But Krush claims that Hyro is differentiated. For one, he says, it offers an AI-powered search feature that scrapes up-to-date information from a customer’s website — ostensibly preventing wrong answers to questions (a notorious problem with text-generating AI). Hyro also boasts “smart routing,” which enables it to “intelligently” decide whether to complete a task automatically, send a link to self-serve via SMS or route a request to the right department.

A bot created using Hyro’s development tools. Image Credits: Hyro

“Our AI assistants have been used by tens of millions of patients, automating conversations on various channels,” Krush said. “Hyro creates a feedback loop by identifying missing knowledge gaps, basically mimicking the operations of a call center agent. It also shows within a conversation exactly how the AI assistant deduced the correct response to a patient or customer query, meaning that if incorrect answers were given, an enterprise can understand exactly which piece of content or dataset is labeled incorrectly and fix accordingly.”

Of course, no technology’s perfect, and Hyro’s likely isn’t an exception to the rule. But the startup’s sales pitch was enough to win over dozens of healthcare networks, providers and hospitals as clients, including Weill Cornell Medicine. Annual recurring revenue has doubled since Hyro went to market in 2019, Krush claims.

Hyro’s future plans entail expanding to industries adjacent to healthcare, including real estate and the public sector, as well as rounding out the platform with more customization options, business optimization recommendations and “variety” in the AI skills that Hyro supports.

“The pandemic expedited digital transformation for healthcare and made the problems we’re solving very clear and obvious (e.g. the spike in calls surrounding information, access to testing, etc.),” Krush said. “We were one of the first to offer a COVID-19 virtual assistant that deployed in under 48 hours based on trusted information from the health system and trusted resources such as the CDC and World Health Organization …. Hyro is well funded, with good growth and momentum, and we’ve always managed a responsible budget, so we’re actually looking to expand and gather more market share while competitors are slowing down.”

Hyro secures $20M for its AI-powered, healthcare-focused conversational platform by Kyle Wiggers originally published on TechCrunch

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Burger King Adds a Failed McDonald’s Comfort-Food Menu Item

Both companies have tried to make this beloved southern staple work, and Burger King is trying again with multiple new versions.

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Fast-food burger chains deal in the familiar. 

They sell comfort food, meals that make their customers feel good (even if that feeling soon enough turns to regret).

When one of the big three chains -- McDonald's, Wendy's (WEN) - Get Free Report, and Burger King -- adds a new menu item, it's either something outrageous designed to get publicity or an item that builds on the comfort-food model.

DON'T MISS: Unique McDonald's Sandwich Makes Its Menu Return

That's why so many fast-food innovations arise from taking a core menu item and give it a small twist. Wendy's does this more than any other chain as it rotates in different takes on cheese fries and new burgers that add well-known flavors like pretzel buns or more bacon.

McDonald's (MCD) - Get Free Report has been experimenting with similar ideas -- specifically trying to make southern classics like sweet tea and chicken biscuits -- work. The chain has had more success with sweet tea, which has become a menu staple, than it has with making chicken biscuits a morning staple.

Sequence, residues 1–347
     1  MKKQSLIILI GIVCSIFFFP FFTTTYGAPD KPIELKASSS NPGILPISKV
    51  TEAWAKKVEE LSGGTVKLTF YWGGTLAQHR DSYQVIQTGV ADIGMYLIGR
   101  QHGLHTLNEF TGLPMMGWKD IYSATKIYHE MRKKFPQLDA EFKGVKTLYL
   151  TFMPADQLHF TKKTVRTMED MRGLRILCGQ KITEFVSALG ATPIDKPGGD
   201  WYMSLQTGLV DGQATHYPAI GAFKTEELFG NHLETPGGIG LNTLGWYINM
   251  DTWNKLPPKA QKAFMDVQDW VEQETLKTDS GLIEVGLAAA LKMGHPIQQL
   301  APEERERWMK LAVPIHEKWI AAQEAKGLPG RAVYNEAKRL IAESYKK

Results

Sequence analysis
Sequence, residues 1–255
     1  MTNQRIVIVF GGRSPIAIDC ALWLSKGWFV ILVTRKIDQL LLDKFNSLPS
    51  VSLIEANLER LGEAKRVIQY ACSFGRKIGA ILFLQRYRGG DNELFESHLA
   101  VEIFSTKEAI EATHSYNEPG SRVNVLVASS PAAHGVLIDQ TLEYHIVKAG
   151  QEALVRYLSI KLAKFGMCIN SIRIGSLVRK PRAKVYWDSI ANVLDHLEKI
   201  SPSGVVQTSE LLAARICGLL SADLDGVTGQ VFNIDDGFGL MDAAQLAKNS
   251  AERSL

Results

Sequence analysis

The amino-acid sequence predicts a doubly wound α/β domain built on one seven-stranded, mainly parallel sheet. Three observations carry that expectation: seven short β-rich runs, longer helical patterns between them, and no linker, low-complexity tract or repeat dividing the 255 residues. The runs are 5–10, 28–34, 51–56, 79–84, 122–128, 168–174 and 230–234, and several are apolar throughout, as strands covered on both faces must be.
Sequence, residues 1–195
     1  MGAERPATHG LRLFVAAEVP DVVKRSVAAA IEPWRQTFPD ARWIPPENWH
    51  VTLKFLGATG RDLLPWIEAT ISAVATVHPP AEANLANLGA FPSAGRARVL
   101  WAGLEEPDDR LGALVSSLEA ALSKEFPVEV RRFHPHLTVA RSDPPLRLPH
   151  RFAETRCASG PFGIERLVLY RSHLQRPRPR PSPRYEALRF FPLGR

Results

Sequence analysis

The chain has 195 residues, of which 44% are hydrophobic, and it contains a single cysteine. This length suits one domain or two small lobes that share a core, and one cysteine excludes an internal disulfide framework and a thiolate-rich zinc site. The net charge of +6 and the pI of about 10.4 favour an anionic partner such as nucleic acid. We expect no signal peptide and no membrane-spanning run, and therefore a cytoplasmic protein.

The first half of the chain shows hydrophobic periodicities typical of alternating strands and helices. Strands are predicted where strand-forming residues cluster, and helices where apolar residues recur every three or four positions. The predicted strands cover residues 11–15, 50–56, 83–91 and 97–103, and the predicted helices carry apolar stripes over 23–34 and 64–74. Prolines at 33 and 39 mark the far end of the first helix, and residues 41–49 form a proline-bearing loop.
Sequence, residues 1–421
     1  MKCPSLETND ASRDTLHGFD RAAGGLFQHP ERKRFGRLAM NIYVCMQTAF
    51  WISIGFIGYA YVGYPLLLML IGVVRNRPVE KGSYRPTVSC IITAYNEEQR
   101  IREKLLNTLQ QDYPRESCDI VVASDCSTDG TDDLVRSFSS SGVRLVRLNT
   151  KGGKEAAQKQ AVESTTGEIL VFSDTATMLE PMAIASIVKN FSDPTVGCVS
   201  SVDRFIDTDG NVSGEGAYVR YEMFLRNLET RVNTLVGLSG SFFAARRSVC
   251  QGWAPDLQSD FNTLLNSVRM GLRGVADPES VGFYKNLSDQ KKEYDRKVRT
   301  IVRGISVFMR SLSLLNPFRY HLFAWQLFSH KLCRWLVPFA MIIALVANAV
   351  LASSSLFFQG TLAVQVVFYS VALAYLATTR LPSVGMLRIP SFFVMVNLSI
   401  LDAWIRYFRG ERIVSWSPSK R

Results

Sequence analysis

And while McDonald's has tried to add southern style chicken biscuits to its morning menu without sustained success, that has not stopped its rivals from taking their own shot at the regional favorite. 

Wendy's has offered its Honey Butter Chicken Biscuit since it brought back its breakfast menu in 2020. And now Restaurant Brands International's (QSR) - Get Free Report Burger King has decided to add multiple takes on a chicken biscuit to its morning menu.

Wendy's also sold a "hot" version of its Honey Butter Chicken Biscuit.

Image source: Wendy's.

Burger King Adds Multiple Chicken Biscuits  

Burger King has built its morning menu around meat. The chain sells versions of its famed Croissan'Wich with double sausage, one with bacon, ham, and sausage, and similar offerings on biscuits.

Now, Burger King has been testing adding chicken to its meaty morning lineup.

Some of the chain's locations already sell a regular Chicken Biscuit and a Smoky Maple Chicken Croissan’wich (although those items are not being sold nationwide) and now it's testing a new take on a chicken biscuit in select markets.

"The Smoky Maple Chicken Biscuit features breaded white meat chicken with a smoky maple glaze on a warm buttermilk biscuit. It will be available through Aug. 31 while supplies last," according to Restaurant Business Online.

Burger King is offering the Smoky Maple Chicken Biscuit only in the Kansas City and Orlando-Daytona Beach markets.

McDonald's Also Bets On Breakfast Comfort Food 

McDonald's first put bagels on its breakfast menu in 1999. They were removed in January 2022 when the chain eliminated all-day breakfast and slimmed down its morning menu due to the covid pandemic.

Losing the bagels wasn't just about customers getting one less bread choice for their breakfast sandwich. It also invvolved McDonald's removing steak -- a meat that was only sold on a bagel -- from its morning menu.

Now, after a slow rollout across the country, McDonald's has returned its popular breakfast bagels to menus nationwide (albeit without making an official announcement).

Fans clamored for the return on social media in April 2022, when McDonald's Tweeted "Bring back ____." Tens of thousands of fans answered the query and the Breakfast Bagels were a popular request.

The most-requested item, the Snack Wrap, has not been returned and might not despite customer interest because making them adds complexity to the chain's kitchen operations. 

That's something the company has been working against as it works to streamline delivery and digital sales.